Other than that, try to get the n6 and n5, have a few demo sessions (not just one, Ive made that mistake before) and weigh up which feels best to you against which gives you the best results. When you do that you'll know which is the best choice.

Good luck and let us know how you go.

johnmcc516
04-29-2005, 08:23 AM
isell188,

It's not dumb to 'own' one of each (I think a lot of us have different, older frames we just dont want to get rid of LOL) but, I don't think it does your game much good to be 'playing with' two different racquets. So, Id suggest just choose one and stick with it as changing backwards and forwards you'll likely throw your timing out.

If you do prefer the n6 or n5 then go with that by itself. It's really a matter of personal preference as neither one is better than the other, just better suited to you. Be confidant in the fact that they're both very good frames and whichever you choose will do an excellent job.

Other than that, try to get the n6 and n5, have a few demo sessions (not just one, Ive made that mistake before) and weigh up which feels best to you against which gives you the best results. When you do that you'll know which is the best choice.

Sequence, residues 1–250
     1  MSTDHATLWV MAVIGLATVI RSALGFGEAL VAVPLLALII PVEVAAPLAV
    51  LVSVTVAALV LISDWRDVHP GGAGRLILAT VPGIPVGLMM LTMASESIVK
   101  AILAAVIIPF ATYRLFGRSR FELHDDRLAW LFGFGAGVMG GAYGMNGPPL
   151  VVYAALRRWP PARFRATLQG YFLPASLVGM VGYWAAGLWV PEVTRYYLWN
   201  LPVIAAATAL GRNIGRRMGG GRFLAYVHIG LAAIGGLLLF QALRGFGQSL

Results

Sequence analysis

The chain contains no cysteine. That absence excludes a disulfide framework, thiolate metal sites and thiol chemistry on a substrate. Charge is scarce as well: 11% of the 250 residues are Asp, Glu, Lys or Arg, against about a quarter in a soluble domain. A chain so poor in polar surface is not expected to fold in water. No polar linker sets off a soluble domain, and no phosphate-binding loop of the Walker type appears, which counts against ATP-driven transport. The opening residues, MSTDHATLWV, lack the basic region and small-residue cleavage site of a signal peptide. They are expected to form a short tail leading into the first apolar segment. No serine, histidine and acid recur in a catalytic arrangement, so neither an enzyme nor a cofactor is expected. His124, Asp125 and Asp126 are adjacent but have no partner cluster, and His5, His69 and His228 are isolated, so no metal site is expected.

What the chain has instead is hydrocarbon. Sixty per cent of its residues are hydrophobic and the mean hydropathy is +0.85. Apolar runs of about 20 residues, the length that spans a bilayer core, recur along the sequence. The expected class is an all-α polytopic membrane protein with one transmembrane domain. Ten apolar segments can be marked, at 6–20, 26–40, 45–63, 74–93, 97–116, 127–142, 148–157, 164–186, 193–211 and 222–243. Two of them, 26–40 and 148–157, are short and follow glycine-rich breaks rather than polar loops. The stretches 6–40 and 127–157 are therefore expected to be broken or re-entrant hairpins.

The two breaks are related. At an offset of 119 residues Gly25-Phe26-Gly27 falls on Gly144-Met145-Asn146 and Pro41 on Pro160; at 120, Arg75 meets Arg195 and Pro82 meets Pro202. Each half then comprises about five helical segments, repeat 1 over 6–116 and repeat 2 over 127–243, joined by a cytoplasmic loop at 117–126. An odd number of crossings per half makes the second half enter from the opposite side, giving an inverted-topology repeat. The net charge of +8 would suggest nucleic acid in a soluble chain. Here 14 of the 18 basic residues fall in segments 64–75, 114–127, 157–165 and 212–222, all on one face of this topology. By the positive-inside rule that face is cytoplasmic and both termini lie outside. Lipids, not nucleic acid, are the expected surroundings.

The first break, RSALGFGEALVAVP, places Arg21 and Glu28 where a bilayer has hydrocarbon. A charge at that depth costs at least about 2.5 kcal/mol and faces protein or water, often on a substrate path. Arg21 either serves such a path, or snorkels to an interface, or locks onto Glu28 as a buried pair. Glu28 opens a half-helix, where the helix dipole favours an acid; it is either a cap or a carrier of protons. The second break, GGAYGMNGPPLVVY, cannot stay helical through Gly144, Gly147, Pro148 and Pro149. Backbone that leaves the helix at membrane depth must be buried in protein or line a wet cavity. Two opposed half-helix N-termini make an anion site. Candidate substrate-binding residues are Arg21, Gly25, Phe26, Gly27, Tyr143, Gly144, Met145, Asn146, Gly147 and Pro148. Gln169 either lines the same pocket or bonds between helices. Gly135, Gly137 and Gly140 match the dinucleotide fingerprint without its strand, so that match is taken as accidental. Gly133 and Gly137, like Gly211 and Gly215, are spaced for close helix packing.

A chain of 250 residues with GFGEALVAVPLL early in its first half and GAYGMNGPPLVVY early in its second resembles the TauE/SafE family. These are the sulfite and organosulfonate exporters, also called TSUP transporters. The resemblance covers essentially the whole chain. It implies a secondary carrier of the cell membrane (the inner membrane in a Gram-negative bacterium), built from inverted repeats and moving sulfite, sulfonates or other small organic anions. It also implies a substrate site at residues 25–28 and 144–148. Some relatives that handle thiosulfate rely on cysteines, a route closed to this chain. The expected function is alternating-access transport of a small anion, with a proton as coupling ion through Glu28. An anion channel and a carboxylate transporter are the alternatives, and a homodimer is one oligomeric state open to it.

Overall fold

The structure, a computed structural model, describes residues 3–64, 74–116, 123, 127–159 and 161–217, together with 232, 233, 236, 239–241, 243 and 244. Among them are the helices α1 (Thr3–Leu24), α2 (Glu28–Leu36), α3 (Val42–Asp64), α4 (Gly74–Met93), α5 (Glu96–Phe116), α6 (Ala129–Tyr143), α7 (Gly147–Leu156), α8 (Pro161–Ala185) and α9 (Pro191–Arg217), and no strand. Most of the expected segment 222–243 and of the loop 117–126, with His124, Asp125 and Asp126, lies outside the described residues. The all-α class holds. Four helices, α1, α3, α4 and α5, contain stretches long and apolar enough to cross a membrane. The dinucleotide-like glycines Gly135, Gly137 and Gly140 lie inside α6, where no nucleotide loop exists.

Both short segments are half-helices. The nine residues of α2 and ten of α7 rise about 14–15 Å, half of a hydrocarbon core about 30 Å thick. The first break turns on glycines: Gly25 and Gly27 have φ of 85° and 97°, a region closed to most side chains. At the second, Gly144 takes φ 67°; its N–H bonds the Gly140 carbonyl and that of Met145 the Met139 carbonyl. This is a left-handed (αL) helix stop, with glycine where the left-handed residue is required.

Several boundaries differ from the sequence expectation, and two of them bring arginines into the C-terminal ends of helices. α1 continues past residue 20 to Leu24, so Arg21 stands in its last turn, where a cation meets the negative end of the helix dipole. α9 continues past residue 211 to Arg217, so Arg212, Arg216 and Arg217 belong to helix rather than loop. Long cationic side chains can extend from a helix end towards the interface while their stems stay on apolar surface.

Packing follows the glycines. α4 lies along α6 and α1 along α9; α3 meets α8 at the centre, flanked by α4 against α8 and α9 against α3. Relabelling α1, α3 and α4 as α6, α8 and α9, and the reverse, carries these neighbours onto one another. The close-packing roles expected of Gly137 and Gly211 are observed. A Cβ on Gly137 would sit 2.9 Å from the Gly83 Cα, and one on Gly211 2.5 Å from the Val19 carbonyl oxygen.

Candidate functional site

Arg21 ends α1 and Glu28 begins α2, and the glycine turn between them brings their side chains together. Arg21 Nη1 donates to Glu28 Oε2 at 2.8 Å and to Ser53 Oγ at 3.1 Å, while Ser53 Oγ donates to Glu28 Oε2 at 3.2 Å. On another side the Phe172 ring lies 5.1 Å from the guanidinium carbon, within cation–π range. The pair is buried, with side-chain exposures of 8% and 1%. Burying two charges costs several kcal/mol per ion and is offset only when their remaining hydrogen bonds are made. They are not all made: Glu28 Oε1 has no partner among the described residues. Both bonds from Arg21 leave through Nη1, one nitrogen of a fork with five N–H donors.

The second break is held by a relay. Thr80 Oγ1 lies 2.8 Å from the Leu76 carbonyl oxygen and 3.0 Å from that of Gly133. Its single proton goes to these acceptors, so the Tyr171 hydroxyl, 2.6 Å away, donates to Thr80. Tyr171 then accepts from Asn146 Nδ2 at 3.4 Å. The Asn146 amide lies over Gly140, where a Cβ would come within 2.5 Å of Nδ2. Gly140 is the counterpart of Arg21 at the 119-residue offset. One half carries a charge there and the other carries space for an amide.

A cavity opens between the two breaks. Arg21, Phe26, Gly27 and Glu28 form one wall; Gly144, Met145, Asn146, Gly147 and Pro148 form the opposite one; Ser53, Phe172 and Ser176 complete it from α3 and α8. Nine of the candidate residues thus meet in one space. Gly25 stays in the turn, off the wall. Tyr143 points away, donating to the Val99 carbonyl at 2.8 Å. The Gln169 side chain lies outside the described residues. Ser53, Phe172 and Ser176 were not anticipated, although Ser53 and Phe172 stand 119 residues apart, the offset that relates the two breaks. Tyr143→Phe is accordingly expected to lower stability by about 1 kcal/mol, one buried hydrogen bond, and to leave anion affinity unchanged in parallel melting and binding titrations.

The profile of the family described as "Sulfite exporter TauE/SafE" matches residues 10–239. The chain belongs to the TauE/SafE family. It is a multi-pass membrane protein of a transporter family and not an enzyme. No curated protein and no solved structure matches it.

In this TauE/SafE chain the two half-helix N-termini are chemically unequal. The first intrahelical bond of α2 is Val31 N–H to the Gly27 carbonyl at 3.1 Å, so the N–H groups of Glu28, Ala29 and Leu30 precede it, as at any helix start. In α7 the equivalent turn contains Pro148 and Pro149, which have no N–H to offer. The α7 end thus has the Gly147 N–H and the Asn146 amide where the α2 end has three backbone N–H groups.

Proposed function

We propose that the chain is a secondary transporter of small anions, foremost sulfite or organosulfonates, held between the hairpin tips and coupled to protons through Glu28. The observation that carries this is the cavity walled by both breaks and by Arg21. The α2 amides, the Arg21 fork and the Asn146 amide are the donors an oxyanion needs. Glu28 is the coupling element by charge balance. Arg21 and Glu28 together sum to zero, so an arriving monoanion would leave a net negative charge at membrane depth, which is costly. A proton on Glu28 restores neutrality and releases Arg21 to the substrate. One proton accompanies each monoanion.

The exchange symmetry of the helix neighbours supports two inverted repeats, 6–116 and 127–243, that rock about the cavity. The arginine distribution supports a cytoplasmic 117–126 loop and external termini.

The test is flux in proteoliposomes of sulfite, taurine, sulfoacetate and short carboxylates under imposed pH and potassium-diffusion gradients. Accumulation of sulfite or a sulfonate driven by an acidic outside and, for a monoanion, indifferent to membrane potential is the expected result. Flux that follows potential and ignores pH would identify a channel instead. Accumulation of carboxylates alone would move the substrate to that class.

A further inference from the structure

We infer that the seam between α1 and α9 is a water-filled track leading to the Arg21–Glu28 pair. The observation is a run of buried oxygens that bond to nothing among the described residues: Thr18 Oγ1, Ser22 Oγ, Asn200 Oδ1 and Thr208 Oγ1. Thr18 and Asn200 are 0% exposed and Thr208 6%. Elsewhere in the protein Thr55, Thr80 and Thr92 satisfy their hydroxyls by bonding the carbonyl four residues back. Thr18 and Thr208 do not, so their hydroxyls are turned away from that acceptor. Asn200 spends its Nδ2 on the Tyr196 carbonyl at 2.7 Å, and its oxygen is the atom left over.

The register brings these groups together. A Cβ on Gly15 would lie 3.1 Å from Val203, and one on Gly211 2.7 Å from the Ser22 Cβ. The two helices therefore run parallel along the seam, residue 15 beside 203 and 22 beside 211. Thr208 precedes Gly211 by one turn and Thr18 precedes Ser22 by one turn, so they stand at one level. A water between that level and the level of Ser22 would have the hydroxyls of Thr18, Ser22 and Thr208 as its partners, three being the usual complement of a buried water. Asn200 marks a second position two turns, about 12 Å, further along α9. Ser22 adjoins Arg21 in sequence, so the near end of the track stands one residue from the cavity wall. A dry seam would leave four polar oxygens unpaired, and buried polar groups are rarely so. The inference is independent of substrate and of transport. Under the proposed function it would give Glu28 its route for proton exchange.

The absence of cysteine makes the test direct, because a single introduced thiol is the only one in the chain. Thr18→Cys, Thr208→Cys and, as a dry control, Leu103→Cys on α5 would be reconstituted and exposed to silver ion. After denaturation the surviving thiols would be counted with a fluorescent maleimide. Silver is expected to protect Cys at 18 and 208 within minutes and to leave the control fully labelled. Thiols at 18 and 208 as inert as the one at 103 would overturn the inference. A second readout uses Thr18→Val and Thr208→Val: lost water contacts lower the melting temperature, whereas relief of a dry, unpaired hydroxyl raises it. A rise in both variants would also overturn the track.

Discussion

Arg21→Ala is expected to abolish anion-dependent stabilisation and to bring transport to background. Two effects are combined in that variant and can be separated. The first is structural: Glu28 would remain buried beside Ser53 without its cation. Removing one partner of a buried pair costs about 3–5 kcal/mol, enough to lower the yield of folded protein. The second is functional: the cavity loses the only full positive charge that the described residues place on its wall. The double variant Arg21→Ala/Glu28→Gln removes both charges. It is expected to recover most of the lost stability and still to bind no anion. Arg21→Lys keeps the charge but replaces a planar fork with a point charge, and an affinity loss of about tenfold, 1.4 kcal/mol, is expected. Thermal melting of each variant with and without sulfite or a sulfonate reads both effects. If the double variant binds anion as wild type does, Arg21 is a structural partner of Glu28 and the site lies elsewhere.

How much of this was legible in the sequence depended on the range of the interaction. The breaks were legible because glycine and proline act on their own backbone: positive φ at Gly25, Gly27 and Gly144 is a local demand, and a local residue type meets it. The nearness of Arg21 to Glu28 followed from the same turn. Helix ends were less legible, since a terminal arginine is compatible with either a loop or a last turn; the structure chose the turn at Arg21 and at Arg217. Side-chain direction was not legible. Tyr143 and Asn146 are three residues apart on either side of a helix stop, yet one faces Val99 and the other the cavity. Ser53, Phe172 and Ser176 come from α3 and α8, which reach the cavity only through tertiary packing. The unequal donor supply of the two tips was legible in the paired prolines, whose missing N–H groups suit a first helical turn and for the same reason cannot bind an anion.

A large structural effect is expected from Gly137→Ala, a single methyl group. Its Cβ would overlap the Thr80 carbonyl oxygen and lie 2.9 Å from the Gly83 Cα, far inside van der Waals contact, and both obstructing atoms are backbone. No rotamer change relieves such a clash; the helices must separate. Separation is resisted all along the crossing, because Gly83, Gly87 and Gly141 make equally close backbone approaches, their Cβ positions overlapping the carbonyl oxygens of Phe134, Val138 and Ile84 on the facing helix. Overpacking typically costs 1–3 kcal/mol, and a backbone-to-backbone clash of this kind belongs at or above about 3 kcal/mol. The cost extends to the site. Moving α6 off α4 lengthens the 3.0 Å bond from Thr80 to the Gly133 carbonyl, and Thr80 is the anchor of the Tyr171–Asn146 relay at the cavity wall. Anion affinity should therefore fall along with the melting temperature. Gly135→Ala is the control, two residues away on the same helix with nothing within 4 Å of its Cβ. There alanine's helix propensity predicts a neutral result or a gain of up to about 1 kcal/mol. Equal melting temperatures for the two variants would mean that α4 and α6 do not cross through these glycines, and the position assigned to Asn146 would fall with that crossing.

Good luck and let us know how you go.


I am with Andrew. Stick with one racquet.

highsierra
04-29-2005, 12:00 PM
isell188, What's the string tension on your N6 One? The range is 50 - 60 and if you string it at the low end, you'd get a little more pop out of it. I know it's different from a more powerful frame but I guess you don't really need a whole lot more power.

The black/white N6 is lighter and head heavy, that is, much like the Hammer.

Ken
04-29-2005, 12:09 PM
I believe that the n6 provides a little more natural pop, and is less of a "player's racket". Meaning that it'll provide some power for you. The six-one has more control (from what I've tested) and forces YOU to supply the power.